Iono- and Atmospheric Physics

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Energetic electron loss and its impacts on the atmosphere

Last updated:
17 November 2016

Organizers: Robyn Millan, Pekka Verronen and Alexa Halford

This special issue presents recent advances in our understanding of energetic (~20 keV - 10 MeV) electron loss in the magnetosphere and the impacts of energetic precipitation on the atmosphere. 

The combination of BARREL multi-point balloon measurements with measurements from equatorial spacecraft (e.g. Van Allen Probes, LANL, THEMIS, MMS, GOES), LEO spacecraft (e.g. POES, CSSWE, FIREBIRD, AC-6), and ground-based instruments (e.g. riometers, AARDDVARK, EISCAT) is providing a unique opportunity to study the processes that cause precipitation, and to quantify the relative importance of precipitation versus magnetopause loss. Additionally, there is evidence that energetic precipitation may have significant impacts on the atmosphere through the production of odd hydrogen (HOx) and odd nitrogen (NOx), which can affect ozone chemistry, and lead to modification of atmospheric dynamics in the polar regions. Observational studies that use historical or recent data sets as well as theoretical studies of electron loss and its impacts are included.

This is a joint special section between JGR-Space Physics and JGR-Atmospheres. and manuscripts may be submitted to either journal:

JGR-Space Physics GEMS submission site

JGR-Atmospheres GEMS submission site



Long‐term Changes and Trends in the Stratosphere, Mesosphere, Thermosphere, and Ionosphere, JGR‐Atmospheres/Space Physics, 2014

Last updated:
29 October 2015
This joint special section of JGR-Space Physics and JGR-Atmospheres presents recent findings and insights on how the middle and upper atmosphere are evolving naturally and due to man-made climate change. Many of the papers are based on presentations and discussions at the 8th Workshop on Long-Term Changes and Trends in the Atmosphere, which was held in Cambridge, UK, in July 2014. The workshop was sponsored by the Scientific Committee on Solar Terrestrial Physics (SCOSTEP), the International Association of Geomagnetism and Aeronomy (IAGA), the Royal Astronomical Society (RAS), and the British Antarctic Survey (BAS).

Long-term Changes and Trends in the Stratosphere, Mesosphere, Thermosphere, and Ionosphere (TRENDS 2010)

Published:
1 October 2014
I. Cnossen, G. Beig, and J. Lastovicka
This joint special section of JGR-Space Physics and JGR-Atmospheres presents recent findings and insights on how the upper atmosphere is evolving naturally and anthropogenically. Many of the papers are based on presentations and discussions at the 6th IAGA/ICMA/CAWSES workshop on Long-Term Changes and Trends in the Atmosphere, which was held in Boulder, Colorado, in June 2010.

Long-Term Changes and Trends in the Upper Atmosphere and Ionosphere (TRENDS 2012)

Published:
27 December 2013
J. Lastovicka and G. Beig
Long-term changes in Earth's atmosphere are becoming more and more relevant to the future of our world and it is paramount that we quantify and understand changes occurring at all levels within the coupled atmospheric system. The increasing concentration of greenhouse gases, stratospheric ozone depletion, varying solar and geomagnetic activity, secular change of Earth’s magnetic field, and changing dynamics propagating up from the troposphere are some of the possible causes of long-term changes in the stratosphere, mesosphere, thermosphere, and ionosphere.  The 7th international workshop on "Long-term changes and Trends in the Atmosphere" (TRENDS-2012) took place between September 11-14, 2012 in Buenos Aires, Argentina. The goals of the workshop were to review the current state of knowledge about trends in these atmospheric regions, and to discuss what research is necessary for resolving inconsistencies, reducing uncertainties, and achieving a deeper understanding of middle and upper atmospheric climate change - especially the relative influences of anthropogenic and solar effects. Papers in this collection apply to all types of observational techniques to determine the long-term changes and trends, in the stratosphere and above, that have occurred in the past and also to determine the processes behind those changes including that of troposphere as secondary focus.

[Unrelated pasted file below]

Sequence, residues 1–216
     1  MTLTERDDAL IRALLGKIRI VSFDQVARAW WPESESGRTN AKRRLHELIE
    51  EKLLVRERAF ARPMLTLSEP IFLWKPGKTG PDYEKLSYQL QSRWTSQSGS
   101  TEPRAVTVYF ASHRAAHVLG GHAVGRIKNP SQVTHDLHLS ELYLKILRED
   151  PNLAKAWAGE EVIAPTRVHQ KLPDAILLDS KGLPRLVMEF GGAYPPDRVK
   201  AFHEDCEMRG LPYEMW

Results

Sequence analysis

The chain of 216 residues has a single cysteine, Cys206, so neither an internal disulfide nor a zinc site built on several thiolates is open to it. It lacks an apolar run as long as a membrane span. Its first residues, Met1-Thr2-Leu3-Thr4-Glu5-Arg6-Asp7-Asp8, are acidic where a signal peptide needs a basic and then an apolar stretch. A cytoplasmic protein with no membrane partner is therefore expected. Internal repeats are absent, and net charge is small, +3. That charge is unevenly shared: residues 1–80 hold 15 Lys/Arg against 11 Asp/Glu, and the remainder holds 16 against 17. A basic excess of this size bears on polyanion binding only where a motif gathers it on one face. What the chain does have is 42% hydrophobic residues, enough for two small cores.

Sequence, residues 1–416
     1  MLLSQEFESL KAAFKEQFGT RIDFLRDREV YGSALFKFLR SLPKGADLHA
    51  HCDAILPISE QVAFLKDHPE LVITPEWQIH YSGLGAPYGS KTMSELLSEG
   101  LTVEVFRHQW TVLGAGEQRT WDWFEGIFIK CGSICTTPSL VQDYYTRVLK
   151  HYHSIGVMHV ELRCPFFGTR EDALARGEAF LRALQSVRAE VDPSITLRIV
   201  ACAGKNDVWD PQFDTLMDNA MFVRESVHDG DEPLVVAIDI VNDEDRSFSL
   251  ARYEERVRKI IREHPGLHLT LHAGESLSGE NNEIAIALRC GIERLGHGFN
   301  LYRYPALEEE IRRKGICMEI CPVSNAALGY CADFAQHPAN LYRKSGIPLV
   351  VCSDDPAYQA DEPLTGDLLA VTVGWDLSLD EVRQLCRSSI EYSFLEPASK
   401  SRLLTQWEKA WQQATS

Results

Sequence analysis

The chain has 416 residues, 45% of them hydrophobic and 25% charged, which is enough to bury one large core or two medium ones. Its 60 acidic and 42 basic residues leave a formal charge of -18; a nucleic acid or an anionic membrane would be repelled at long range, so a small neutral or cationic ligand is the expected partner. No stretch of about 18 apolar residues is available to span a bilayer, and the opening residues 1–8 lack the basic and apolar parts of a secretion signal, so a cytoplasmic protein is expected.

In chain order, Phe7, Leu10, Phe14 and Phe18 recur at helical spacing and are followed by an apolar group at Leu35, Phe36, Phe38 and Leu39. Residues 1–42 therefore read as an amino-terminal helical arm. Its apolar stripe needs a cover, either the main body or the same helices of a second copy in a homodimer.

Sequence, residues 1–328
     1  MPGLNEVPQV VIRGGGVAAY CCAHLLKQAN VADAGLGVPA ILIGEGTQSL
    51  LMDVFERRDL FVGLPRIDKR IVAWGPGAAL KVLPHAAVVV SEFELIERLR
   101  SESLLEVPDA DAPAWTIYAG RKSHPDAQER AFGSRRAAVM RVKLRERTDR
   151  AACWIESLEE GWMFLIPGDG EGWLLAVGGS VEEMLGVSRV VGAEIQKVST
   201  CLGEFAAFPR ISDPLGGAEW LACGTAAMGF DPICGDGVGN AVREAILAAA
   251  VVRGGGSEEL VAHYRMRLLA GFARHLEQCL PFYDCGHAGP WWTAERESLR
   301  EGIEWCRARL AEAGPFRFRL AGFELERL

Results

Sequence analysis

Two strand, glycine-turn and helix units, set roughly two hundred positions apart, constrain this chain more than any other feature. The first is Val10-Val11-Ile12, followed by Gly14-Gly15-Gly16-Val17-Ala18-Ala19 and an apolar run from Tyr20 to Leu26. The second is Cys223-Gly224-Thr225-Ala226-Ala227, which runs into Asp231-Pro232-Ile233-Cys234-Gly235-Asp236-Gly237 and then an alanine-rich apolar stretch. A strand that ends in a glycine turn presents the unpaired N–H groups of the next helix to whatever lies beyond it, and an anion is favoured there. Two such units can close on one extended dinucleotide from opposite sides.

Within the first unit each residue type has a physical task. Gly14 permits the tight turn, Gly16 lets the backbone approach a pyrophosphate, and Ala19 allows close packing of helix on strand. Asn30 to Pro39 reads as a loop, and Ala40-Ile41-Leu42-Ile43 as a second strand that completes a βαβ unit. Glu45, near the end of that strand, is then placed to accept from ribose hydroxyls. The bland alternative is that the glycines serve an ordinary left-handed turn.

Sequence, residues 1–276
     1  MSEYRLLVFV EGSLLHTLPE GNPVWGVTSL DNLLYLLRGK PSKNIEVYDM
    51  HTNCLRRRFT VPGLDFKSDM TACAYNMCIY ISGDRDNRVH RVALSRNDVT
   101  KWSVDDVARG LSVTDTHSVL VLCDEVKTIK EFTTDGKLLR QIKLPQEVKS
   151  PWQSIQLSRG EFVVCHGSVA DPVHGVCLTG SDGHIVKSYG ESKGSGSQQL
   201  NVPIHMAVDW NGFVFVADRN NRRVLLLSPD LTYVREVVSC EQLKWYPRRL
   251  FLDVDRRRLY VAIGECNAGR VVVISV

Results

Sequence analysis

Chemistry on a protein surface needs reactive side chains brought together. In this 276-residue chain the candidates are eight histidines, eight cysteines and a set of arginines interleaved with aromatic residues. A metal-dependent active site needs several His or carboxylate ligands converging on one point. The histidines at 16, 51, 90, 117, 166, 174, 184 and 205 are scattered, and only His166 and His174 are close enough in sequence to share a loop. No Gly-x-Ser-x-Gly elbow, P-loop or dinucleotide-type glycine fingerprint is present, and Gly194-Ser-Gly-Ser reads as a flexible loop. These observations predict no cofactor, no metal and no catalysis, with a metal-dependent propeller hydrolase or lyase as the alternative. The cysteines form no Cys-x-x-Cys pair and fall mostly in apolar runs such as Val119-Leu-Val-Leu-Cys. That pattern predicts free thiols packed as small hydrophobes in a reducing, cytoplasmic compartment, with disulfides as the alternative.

Plasmasphere Refilling

Published:
1 February 1992
As the international space physics community marks the 40th anniversary of the International Geophysical Year and anticipates the rising geomagnetic activity of solar cycle 23, it is important to gauge the progress in understanding solar terrestrial disturbances and their capacity to disrupt human endeavor.

Trigger Experiment

Published:
1 October 1980
Models of auroral processes have been advanced in which the ionosphere plays an active role in stimulating auroral particle precipitation. The validity of these suggestions can be investigated by releasing an artificial plasma cloud into the ionosphere and studying the effects. To this end, the sounding rocket experiment Trigger, comprising a diagnostic and a chemical release payload, was conducted.

Proton Precipitation Into the Atmosphere

Published:
1 January 2001
Energetic protons, precipitating into the atmosphere, interact with the ambient neutrals, leading to excitation, ionization, elastic scattering, and, for MeV protons, dissociation. In addition, a proton can capture an electron, producing an energetic H atom, which has enough energy to interact, in turn, with the ambient neutrals.

Radio-Wave Modification of the Ionosphere

Published:
1 November 1970
Several radio techniques are being employed to study the F-region ionospheric modifications produced by the installation described by Utlaut [1970] in a companion paper.